Good news. According to Dylan at 'Esox' Angling is back on the agenda as a legal exercise pursuit. Providing no travel rules are broken of course. For me that means local patch seawatching is on the cards too. After all, I will be sat still but instead of my fishing rod, I'll be peering through a scope. I can walk to a stretch of coast in 10 minutes with a few spots off public paths where I can be alone, but, saying that, mid winter is not the best time to be wave gazing.
Yesterday, Peggy's walk was, as usual, past the pond field but, for a change, a little bit further into the Howick Hall Arboretum where we did a short circular to gather some missing woodland birds for the list.
|The track through part of the arboretum, an area of large ornamental pines and hardwood trees.|
The day was calm, dull and cold so bird calls carried a good distance. This meant that it was quite easy to locate a tribe of Long tailed Tits and the obligatory Treecreeper with them (if you are hunting for Treecreeper, I always go for Long tailed tit calls and rarely fail) and 4 Nuthatches. The pond itself was full and muddy brown with little activity other than 5 drake Tufties, 2 Mute Swans, 4 Coot and 4 Little Grebe.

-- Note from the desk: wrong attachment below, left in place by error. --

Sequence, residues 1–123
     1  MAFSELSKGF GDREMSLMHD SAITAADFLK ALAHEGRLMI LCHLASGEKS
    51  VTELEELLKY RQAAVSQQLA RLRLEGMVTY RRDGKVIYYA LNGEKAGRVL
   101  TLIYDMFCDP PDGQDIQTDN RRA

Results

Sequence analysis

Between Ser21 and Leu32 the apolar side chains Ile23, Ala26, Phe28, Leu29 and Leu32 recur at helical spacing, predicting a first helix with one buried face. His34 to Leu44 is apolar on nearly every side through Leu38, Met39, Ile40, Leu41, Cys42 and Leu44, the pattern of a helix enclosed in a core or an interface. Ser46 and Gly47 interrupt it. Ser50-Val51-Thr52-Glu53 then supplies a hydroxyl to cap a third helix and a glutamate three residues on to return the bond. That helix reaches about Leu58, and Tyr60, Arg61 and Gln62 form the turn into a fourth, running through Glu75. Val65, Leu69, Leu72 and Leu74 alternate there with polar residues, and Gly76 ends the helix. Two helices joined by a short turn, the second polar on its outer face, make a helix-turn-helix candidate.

Earlier, at dawn, Grey Partridge was calling from the back fields.
Seeing photos of other naturalists local patches is always interesting to me as it gives context. Its something that often features on here, but as we are all home birds for the foreseeable, I will try to include a picture or two of the sites visited around about home a bit more regularly.
Local Patch Year List ( or Northumberland Lockdown 2021 5km from home) 87 sp
|This is the small pond beside the Village Hall car park that we renovated last Feb. Its totally flooded at the minute, out onto surrounding grassland. This week it has hosted a flock of Yellowhammers and a single Snipe.|